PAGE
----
The Body Has a Mind of Its Own by Matthew and Sandra Blakeslee

12 Jun

When I first saw the title of this book I thought it might be fluffy new age nonsense, but this is an insightful book, backed up with empirical evidence about how the brain and body work together.

It describes how the body and mind communicate, and how the different kinds of nerves work. For example, I didn’t know about proprioception so it was fascinating to learn that we have nerves in our joints and muscles that let us know the positions of our body parts in relation to others.

The book describes how the brain has different bits that are mapped to different parts of the body. You can see bits of the brain light up under fMRI scanners and the like, when people think about moving, or actually move, certain body parts.

It moves on to describe how tools, vehicles, bikes, etc. are incorporated into your body map, and as far as your brain is concerned, become a part of you. Ever notice how you duck when you drive under a bridge? And working the other way around, you can morph your body map to represent something in a virtual world, such as when playing a computer game. I’m sure you’ll have noticed when you’re moving a computer character with a controller you still try to help it along by moving your body.

It covers brain injuries, and missing limbs; of course the wonderful work of Vilayanur Ramachandran comes into play here. We see body maps getting muddled up and causing pro-sportsmen or musicians to forget how to do what they do, and ways around these problems using the theories in this area.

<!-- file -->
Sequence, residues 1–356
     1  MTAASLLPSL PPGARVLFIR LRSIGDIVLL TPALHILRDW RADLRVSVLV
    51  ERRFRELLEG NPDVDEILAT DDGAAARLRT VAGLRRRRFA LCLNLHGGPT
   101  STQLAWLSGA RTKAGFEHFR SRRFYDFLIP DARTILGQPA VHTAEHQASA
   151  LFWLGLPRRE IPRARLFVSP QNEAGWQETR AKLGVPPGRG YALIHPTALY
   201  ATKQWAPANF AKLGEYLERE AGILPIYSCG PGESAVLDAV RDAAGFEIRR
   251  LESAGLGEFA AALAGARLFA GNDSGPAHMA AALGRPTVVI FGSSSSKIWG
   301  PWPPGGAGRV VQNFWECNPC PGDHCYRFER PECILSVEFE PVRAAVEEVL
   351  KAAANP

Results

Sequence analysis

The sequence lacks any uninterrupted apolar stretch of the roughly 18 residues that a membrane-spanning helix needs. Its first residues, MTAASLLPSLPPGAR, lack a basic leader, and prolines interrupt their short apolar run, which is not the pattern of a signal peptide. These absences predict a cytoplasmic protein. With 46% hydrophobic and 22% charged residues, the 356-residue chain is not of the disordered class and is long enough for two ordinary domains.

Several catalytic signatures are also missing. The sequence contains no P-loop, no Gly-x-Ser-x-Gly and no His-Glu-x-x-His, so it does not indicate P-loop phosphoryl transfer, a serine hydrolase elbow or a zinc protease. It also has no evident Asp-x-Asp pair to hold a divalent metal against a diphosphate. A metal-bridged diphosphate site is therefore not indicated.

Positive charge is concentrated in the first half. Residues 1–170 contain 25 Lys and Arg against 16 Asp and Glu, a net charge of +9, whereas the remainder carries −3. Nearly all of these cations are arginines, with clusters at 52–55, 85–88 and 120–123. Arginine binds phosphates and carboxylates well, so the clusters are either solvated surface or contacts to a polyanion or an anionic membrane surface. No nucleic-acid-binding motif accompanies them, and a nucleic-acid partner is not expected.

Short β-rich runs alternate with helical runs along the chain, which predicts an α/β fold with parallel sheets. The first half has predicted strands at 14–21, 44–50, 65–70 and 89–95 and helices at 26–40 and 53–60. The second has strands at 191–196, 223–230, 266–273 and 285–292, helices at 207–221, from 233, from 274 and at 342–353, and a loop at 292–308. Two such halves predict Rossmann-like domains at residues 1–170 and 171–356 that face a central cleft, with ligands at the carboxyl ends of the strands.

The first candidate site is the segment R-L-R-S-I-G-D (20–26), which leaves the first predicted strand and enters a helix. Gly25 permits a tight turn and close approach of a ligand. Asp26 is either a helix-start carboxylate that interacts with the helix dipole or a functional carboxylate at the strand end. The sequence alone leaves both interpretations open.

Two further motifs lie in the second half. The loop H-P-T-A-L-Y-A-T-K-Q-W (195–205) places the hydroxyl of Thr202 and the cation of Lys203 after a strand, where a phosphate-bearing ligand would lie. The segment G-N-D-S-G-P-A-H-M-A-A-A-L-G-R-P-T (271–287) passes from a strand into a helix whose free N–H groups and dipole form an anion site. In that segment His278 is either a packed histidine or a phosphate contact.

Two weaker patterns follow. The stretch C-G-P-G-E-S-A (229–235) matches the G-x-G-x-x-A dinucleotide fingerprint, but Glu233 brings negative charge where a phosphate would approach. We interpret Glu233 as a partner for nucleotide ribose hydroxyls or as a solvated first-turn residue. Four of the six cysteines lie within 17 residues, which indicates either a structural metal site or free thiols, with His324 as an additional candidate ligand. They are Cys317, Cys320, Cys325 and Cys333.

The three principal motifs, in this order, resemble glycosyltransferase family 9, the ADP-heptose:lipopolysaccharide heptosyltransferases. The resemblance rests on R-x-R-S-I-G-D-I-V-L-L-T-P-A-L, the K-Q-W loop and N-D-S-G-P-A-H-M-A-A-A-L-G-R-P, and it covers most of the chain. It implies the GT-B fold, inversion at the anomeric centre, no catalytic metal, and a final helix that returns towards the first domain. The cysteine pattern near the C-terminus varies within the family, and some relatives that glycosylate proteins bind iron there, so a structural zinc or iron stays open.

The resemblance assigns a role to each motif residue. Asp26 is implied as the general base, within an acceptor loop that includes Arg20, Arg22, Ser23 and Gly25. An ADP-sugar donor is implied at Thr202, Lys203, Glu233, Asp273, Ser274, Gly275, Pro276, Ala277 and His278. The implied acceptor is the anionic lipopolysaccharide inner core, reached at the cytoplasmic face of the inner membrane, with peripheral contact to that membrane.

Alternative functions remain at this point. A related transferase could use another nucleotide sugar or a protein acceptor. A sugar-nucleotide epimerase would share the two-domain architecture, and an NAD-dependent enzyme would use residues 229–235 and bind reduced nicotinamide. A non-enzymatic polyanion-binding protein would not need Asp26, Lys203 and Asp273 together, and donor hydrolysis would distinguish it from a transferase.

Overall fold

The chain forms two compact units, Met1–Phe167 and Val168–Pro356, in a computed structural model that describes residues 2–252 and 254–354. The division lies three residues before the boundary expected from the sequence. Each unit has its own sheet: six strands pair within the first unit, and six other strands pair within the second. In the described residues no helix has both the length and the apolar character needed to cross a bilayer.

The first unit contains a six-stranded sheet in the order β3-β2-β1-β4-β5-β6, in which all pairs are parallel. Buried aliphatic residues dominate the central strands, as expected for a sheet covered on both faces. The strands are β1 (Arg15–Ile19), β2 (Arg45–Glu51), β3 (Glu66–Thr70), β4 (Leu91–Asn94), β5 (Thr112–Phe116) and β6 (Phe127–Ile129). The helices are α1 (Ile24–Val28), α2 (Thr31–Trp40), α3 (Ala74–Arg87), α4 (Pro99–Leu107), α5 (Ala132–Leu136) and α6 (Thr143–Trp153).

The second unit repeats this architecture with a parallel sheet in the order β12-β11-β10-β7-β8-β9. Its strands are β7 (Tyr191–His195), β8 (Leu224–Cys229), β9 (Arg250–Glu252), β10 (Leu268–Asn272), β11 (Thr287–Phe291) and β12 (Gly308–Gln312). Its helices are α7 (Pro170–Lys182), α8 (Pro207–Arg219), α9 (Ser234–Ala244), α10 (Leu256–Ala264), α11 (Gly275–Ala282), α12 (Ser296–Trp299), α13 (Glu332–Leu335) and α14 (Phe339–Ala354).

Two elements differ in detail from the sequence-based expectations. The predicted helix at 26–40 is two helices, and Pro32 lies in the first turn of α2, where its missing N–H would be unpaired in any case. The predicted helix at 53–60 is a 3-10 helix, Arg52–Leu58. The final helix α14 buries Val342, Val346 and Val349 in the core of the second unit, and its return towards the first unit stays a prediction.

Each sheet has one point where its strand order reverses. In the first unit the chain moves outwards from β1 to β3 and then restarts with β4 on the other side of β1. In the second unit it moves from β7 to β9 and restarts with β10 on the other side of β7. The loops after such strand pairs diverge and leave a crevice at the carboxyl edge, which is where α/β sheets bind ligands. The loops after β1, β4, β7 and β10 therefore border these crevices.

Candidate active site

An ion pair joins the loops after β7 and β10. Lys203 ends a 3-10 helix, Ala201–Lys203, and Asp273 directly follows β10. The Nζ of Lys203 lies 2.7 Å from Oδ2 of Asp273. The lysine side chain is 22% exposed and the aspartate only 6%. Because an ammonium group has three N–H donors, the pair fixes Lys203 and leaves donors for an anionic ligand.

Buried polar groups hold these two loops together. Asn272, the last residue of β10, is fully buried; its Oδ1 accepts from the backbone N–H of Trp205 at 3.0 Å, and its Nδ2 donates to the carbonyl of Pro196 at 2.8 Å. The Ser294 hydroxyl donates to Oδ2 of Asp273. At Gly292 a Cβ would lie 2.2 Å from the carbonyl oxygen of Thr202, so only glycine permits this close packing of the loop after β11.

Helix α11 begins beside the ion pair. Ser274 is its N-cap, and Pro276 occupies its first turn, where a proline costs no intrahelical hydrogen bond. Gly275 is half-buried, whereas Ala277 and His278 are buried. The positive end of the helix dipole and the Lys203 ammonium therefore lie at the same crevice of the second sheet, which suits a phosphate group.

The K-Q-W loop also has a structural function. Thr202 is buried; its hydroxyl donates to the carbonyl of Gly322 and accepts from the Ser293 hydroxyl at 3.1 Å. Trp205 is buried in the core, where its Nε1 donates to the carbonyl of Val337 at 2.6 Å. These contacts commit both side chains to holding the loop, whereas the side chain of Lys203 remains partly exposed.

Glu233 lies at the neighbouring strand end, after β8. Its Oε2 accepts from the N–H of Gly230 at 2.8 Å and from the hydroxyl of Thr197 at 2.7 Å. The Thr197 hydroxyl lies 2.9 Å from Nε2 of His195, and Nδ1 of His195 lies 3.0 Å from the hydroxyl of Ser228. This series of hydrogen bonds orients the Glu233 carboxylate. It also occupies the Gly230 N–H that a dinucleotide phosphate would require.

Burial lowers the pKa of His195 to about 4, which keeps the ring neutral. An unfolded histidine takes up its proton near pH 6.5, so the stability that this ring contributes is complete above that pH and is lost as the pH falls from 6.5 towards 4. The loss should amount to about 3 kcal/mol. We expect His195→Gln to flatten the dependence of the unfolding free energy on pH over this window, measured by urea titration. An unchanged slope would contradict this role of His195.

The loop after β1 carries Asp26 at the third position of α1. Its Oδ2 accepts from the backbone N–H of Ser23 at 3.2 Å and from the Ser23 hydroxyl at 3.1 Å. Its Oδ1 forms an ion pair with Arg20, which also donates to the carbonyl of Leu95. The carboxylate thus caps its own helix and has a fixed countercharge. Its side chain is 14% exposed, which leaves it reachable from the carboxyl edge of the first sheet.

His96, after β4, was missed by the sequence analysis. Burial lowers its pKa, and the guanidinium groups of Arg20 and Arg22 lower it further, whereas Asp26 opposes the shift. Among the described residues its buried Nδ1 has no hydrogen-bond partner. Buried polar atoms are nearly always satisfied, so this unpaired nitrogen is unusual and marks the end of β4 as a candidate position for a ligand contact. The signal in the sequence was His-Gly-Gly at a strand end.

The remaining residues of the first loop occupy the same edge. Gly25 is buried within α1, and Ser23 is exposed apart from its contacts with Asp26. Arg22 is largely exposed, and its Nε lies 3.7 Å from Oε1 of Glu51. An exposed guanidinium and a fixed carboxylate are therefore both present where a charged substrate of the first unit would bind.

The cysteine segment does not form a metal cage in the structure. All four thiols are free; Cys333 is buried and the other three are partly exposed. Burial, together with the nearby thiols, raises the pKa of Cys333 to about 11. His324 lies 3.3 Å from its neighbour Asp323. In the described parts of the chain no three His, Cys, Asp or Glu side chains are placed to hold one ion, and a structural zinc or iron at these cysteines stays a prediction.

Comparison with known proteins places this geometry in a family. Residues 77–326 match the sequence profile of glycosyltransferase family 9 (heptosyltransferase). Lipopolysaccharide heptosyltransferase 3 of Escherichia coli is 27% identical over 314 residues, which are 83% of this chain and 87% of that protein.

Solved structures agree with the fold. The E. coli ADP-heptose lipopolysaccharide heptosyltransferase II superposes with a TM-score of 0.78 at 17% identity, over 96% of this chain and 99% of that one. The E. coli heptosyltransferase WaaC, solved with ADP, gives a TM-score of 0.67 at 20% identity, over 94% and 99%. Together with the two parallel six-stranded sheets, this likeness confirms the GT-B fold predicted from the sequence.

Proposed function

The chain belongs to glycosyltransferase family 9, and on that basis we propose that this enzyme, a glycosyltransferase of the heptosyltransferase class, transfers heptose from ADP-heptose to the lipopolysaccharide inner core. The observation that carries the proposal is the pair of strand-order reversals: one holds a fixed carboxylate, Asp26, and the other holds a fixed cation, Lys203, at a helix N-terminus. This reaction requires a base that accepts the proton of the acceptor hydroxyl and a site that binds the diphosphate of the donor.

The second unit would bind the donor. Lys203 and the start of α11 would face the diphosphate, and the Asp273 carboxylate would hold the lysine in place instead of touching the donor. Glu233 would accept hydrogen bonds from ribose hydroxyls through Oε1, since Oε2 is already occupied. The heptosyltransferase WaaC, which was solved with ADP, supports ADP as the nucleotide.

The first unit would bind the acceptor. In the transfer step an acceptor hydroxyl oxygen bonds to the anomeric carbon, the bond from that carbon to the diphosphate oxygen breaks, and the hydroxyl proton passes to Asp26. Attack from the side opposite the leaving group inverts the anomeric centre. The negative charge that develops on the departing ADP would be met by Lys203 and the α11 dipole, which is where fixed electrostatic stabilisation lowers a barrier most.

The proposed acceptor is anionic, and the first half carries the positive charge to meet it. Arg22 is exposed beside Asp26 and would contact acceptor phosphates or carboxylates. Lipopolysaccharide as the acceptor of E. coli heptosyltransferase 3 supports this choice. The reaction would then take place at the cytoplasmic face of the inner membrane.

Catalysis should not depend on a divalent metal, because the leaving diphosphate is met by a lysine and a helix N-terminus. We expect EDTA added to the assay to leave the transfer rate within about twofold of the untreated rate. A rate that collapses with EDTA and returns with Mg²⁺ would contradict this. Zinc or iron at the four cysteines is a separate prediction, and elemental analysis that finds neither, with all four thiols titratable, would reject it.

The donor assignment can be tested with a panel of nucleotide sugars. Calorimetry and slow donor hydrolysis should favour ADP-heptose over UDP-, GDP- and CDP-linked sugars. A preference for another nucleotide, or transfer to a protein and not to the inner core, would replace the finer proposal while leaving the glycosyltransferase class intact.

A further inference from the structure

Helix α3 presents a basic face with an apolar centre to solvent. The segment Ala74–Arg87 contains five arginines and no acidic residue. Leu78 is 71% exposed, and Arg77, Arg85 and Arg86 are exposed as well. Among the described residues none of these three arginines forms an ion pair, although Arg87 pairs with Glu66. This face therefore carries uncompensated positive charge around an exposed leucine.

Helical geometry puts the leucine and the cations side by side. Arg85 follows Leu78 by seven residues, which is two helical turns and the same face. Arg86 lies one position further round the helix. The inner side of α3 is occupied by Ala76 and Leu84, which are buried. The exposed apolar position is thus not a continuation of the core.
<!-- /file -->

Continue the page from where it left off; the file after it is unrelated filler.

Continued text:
It shows how training doesn’t need to be physical; once you have a baseline of physical training, simply visualising your physical endeavour will make you better: from darts, to playing a musical instrument.

It also very interestingly describes why people have out-of-body experiences or see auras due to funny body maps that people have. Although people don’t really have such experiences, they perceive them due to body map issues.

Finally it looks at mirror neurons – the bits of your brain involved in empathy (though it’s worth noting that the existence of these is not universally accepted). It shows that when you watch others move, the same bits of the brain light up when you move, right up to the pre-motor cortex. It also dips its toe into the interesting waters of the boundary between you and others when you start to experience their emotions and feelings.

A well written and interesting read that gives a new perspective on how your mind and body work together.


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